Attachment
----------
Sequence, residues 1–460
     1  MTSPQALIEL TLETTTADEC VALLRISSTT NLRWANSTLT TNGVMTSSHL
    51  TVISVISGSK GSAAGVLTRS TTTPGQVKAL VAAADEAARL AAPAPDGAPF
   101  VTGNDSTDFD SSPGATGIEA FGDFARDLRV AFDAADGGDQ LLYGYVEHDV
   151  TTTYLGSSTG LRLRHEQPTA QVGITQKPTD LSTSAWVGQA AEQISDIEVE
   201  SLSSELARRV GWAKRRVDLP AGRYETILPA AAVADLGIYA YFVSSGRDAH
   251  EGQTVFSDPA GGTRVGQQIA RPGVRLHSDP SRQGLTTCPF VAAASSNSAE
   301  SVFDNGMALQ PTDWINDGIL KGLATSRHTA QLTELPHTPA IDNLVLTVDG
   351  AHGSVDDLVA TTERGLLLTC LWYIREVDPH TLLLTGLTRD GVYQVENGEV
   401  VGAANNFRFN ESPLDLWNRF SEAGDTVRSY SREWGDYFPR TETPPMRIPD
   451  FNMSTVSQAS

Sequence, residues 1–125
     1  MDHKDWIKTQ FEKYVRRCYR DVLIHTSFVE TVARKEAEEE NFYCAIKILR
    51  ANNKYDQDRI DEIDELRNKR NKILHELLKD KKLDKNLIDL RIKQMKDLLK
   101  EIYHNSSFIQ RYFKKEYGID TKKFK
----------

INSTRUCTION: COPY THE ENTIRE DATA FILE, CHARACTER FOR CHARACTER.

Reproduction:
Sequence, residues 1–460
     1  MTSPQALIEL TLETTTADEC VALLRISSTT NLRWANSTLT TNGVMTSSHL
    51  TVISVISGSK GSAAGVLTRS TTTPGQVKAL VAAADEAARL AAPAPDGAPF
   101  VTGNDSTDFD SSPGATGIEA FGDFARDLRV AFDAADGGDQ LLYGYVEHDV
   151  TTTYLGSSTG LRLRHEQPTA QVGITQKPTD LSTSAWVGQA AEQISDIEVE
   201  SLSSELARRV GWAKRRVDLP AGRYETILPA AAVADLGIYA YFVSSGRDAH
   251  EGQTVFSDPA GGTRVGQQIA RPGVRLHSDP SRQGLTTCPF VAAASSNSAE
   301  SVFDNGMALQ PTDWINDGIL KGLATSRHTA QLTELPHTPA IDNLVLTVDG
   351  AHGSVDDLVA TTERGLLLTC LWYIREVDPH TLLLTGLTRD GVYQVENGEV
   401  VGAANNFRFN ESPLDLWNRF SEAGDTVRSY SREWGDYFPR TETPPMRIPD
   451  FNMSTVSQAS

Sequence, residues 1–125
     1  MDHKDWIKTQ FEKYVRRCYR DVLIHTSFVE TVARKEAEEE NFYCAIKILR
    51  ANNKYDQDRI DEIDELRNKR NKILHELLKD KKLDKNLIDL RIKQMKDLLK
   101  EIYHNSSFIQ RYFKKEYGID TKKFK